It was large for a badger but I believe it was just that; an erythristic (https://en.m.wikipedia.org/wiki/Erythrism) badger!
It was remarkably bear like! And I really struggled to identify it despite being so close.

Re: Poor maintenance

Cycling UK Forum - On the road - 25 April 2016 - 8:57am
DaveP wrote:Vorpal wrote:IMO, it's no more necessary to know how fix a puncture on bike than a car. There are plenty of shops and independent mechanics that can fix a puncture for a minimal fee.
I find it a bit odd to read this, written by a woman. Sorry to disagree and all that, but you seem to have overlooked the risks associated with being stranded in a random location. At least in a car one can lock oneself inside and wait for rescue with some degree of comfort and security.

I've only ever had one puncture outside a bike shop, about thirty years ago...
I had just dismounted to gaze at a two wheeled fantasy in bright red in the window when there was a sudden detonation wrecking tyre, tube, and buckling the wheel Most expensive puncture I have ever had!
If it's about risk, call a taxi (or a friend), rather than changing a puncture by the road, which can take much longer for someone who is inexperienced. Also, there are rescue services for cyclists, like those for motorists. Lastly, not everyone can physically manage getting a tyre off and replacing or patching an inner tube. Maybe most people can handle slime and CO2 cartridges, but not everyone wants to. People who are likely to ride 10 miles from any sort of help are more likely to be self-reliant, or ride with friends.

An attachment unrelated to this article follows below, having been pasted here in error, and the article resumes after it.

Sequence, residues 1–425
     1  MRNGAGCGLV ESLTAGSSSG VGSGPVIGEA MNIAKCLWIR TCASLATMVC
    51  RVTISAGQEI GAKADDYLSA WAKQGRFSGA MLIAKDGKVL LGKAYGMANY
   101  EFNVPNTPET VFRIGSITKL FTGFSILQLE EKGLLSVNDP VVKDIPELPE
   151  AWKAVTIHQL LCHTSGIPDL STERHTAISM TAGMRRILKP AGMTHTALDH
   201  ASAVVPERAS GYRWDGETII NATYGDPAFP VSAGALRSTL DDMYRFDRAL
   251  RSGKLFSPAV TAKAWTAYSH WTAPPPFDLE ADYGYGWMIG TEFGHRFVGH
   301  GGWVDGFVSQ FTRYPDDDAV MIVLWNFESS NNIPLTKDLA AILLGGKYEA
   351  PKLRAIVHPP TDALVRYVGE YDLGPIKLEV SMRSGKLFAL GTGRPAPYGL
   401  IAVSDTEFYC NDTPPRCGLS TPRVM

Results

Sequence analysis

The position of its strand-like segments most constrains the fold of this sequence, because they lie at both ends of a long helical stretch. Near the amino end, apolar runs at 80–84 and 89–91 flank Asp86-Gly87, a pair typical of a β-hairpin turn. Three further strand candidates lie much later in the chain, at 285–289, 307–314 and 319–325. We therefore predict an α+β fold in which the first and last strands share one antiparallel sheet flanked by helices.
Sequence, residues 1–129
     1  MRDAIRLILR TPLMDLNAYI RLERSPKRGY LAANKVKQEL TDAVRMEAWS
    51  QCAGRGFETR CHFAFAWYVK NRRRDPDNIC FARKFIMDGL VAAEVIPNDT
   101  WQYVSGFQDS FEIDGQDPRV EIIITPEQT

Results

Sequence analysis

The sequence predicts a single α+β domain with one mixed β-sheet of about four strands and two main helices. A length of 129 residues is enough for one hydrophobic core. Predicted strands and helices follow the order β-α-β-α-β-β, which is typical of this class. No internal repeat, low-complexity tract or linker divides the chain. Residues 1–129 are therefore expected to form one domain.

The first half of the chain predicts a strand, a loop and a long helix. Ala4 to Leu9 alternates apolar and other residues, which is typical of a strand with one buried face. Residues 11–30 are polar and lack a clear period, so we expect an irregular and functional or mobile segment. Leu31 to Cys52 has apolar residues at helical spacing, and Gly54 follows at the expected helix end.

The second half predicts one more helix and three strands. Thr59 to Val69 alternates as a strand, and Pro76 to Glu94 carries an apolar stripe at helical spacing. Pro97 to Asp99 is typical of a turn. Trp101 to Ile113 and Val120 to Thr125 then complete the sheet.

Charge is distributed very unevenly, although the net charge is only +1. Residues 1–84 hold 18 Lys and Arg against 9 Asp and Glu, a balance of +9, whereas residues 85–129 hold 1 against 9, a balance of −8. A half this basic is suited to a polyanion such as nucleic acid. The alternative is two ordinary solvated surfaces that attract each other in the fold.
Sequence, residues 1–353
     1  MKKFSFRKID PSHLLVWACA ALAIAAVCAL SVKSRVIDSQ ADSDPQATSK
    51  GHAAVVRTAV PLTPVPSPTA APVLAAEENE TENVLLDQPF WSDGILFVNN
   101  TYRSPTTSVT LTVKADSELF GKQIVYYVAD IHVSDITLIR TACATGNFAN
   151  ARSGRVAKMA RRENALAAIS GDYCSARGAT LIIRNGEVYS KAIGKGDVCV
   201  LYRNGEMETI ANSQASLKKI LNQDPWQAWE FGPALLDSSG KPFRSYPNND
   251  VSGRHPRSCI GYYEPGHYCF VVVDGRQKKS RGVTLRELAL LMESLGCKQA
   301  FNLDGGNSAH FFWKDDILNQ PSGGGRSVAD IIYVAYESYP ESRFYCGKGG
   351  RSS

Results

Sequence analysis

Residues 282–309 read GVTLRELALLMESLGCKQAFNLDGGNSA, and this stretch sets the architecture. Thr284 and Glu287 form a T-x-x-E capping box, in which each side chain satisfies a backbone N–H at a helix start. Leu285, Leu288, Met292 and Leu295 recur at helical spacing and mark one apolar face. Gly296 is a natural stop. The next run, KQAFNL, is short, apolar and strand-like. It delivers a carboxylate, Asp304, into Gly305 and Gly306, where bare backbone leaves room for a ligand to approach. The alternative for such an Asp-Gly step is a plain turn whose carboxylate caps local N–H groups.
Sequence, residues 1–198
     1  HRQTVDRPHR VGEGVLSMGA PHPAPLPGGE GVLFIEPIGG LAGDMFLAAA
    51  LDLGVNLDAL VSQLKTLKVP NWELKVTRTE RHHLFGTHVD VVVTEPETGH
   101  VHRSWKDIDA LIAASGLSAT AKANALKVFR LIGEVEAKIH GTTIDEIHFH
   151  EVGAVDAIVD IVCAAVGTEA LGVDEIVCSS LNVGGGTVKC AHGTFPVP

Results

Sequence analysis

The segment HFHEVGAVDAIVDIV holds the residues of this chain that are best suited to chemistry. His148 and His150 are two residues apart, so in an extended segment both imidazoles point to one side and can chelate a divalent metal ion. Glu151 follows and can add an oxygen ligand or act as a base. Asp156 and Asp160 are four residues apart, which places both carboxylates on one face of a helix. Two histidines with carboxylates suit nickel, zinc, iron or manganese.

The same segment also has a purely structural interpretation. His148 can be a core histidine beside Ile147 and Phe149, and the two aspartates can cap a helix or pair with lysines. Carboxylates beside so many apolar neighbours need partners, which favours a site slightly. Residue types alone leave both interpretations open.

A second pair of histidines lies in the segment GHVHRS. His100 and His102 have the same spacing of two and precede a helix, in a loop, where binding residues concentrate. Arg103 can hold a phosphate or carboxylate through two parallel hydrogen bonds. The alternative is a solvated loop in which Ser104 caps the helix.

I'm not sure that I understand why it's odd for a woman to have written it. I have never felt particularly at risk by the side of the road. While I understand why some people feel that way, I should think that it applies to anyone who feels vulnerable, and not just or necessarily women. In any case being able to fix a puncture at the side of the road won't be the best solution for all of those who feel vulnerable.

Re: Large mystery animal

Cycling UK Forum - On the road - 25 April 2016 - 8:45am
It certainly wasn't a badger, deer or muntjac. I've seen plenty of those, and they are easily recognisable.

Re: Poor maintenance

Cycling UK Forum - On the road - 25 April 2016 - 8:44am
I suspect the bike shop was in some kind of racket with the puncture fairy.

Re: Poor maintenance

Cycling UK Forum - On the road - 25 April 2016 - 8:35am